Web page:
Air pollution and noncommunicable diseases
Air pollution has long been linked to various health issues. Today, we’re going to take a closer look at a specific category of illnesses poor air quality is responsible for: noncommunicable diseases.
What are noncommunicable diseases?
Noncommunicable diseases (NCDs) are also known as chronic diseases that result from a combination of genetic, physiological, behavioural, and environmental factors. They are not contagious or infections because they are not caused by bacteria, viruses, or fungi. NCDs are responsible for 71% of deaths annually worldwide, which is equivalent to 41 million lives. The four main types of noncommunicable diseases are:
- Cardiovascular diseases (17.9 million deaths annually)
- Cancers (9.3 million deaths annually)
- Respiratory diseases (4.1 million deaths annually)
- Diabetes (1.5 million deaths annually)
Noncommunicable diseases disproportionately affect populations in low- and middle-income countries. These regions account for more than ¾ of global NCD deaths at 31.4 million and 82% of 16 million premature NCD deaths. Risk factors for NCDs include unhealthy diets, smoking, alcohol abuse, physical inactivity, and air pollution.
What is the link between noncommunicable diseases and air pollution?
Out of the 7 million annual deaths attributed to air pollution worldwide, 5 million are caused by NCDs. And according to the World Health Organization (WHO), air pollution is the second leading cause of deaths from noncommunicable diseases after tobacco smoking. In 2012, 2.8 and 3.7 million NCD deaths were a result of ambient and household air pollution respectively. To this end, developing countries are disproportionately affected by NCDs due to the use of polluting fuels for cooking, heating, and lighting. The main NCDs associated with air pollution are:
- Chronic obstructive pulmonary disease (COPD): 43% of worldwide cases were attributed to air pollution in 2016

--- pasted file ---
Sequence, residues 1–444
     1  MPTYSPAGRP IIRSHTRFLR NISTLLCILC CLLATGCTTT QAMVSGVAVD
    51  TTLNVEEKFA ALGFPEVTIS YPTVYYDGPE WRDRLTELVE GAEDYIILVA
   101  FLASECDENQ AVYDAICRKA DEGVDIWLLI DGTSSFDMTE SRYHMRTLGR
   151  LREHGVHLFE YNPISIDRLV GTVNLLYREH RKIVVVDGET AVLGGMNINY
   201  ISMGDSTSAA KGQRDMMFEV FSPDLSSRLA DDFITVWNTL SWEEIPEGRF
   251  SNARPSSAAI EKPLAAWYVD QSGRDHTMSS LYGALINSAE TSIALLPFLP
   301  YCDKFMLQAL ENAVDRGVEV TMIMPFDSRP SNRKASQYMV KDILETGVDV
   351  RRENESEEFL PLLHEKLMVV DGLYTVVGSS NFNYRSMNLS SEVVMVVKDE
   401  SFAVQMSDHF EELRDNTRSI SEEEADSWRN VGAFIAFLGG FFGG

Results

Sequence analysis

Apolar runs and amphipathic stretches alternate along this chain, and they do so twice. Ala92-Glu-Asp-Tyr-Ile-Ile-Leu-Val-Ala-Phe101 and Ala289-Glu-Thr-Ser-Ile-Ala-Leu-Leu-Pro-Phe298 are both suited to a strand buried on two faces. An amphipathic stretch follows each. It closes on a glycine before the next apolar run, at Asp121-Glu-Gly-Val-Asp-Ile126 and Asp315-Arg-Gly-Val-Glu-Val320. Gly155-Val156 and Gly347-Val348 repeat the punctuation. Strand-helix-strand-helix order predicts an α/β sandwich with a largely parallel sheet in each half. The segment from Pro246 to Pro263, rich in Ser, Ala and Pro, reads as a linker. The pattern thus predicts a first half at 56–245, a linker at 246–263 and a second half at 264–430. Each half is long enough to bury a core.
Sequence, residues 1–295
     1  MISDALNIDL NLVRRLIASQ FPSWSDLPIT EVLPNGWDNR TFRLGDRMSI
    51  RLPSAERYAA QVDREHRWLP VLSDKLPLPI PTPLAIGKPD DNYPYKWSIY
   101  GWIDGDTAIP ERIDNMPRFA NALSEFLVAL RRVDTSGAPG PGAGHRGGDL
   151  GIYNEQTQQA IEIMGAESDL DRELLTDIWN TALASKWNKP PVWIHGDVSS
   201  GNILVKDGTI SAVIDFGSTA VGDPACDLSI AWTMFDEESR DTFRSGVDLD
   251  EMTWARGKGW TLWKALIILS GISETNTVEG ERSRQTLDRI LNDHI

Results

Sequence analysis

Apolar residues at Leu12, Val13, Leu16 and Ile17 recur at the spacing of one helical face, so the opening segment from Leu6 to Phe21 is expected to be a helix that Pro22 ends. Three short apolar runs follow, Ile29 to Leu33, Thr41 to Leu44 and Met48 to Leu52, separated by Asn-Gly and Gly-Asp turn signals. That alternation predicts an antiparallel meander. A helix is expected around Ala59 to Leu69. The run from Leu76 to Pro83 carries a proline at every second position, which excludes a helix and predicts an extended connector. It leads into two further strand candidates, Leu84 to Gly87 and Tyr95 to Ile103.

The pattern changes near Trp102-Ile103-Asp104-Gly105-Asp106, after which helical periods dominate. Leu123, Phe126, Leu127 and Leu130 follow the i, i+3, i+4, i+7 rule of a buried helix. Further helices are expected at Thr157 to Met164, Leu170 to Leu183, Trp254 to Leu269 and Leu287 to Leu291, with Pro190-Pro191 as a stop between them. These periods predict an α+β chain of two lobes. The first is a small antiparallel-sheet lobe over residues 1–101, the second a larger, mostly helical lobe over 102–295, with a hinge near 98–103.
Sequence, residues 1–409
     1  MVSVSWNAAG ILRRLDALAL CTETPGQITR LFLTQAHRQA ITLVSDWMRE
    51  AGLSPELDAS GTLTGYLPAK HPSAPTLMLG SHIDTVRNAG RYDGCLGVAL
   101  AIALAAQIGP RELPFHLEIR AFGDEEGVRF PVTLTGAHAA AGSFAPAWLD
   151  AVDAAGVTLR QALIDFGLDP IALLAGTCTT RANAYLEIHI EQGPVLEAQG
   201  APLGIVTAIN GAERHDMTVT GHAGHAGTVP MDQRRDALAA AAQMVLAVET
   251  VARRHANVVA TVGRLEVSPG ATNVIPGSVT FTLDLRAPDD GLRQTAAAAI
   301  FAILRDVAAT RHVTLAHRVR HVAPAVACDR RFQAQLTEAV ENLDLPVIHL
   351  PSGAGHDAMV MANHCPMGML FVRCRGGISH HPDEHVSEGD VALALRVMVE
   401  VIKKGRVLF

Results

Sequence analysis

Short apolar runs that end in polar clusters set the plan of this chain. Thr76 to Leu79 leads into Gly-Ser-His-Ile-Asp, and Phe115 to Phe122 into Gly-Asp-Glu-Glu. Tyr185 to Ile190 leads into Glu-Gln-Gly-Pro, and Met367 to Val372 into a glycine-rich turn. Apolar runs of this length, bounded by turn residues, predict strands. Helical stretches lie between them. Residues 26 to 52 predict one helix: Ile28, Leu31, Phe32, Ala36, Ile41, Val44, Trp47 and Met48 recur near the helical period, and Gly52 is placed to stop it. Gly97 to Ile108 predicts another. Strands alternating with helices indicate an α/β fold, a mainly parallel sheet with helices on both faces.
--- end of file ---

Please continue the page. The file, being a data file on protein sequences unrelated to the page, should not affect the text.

- Lung cancer: 28% of worldwide cases were attributed to air pollution in 2016
- Ischaemic heart disease (IHD): 25% of worldwide cases were attributed to air pollution in 2016
- Stroke: 24% of worldwide cases were attributed to air pollution in 2016
What can be done to reduce the risk of noncommunicable diseases?
Reducing air pollution exposure is the surefire way to lower the risk of noncommunicable diseases. To do so, awareness of when and where one is exposed to high levels of pollutants is critical. Hyperlocal real-time air quality data enables citizens to protect themselves by avoiding areas with the highest levels of pollution. An urban air quality network that monitors pollutant levels is the first step to achieving visibility on air pollution issues. Focus on transparency is imperative – air pollution is an issue that affects everyone. This is why Breeze Technologies offers a free-to-access air quality Citizen Portal, so that you can determine how clean the air is where you live, and air quality indexes (AQIs) can typically be found on your local environmental government website.
On top of this, governmental and policy actions that can be taken to combat household air pollution include:
- Providing access to clean fuels and technologies for cooking, lighting, and heating
- Prioritizing transition fuels and technologies with substantial health benefits to facilitate the switch to clean household energy
- Building a larger innovating market ecosystem for clean and modern energy solutions by offering financial incentives and business models
- Developing health-based national performance and safety standards for household energy fuels and technologies
Actions that can be taken to combat ambient (urban) air pollution include:
- Developing and implementing efficient transport options
- Providing pedestrian and cycling infrastructure
- Improving land-use systems to reduce travel times
- Regulating emission controls
- Exploring green energy options
You can also do your part in clearing the air where you live. For more information on various air quality topics, their impact, and actions you can take, click here. To view Breeze Technologies’ urban air quality sensor network solution, click here.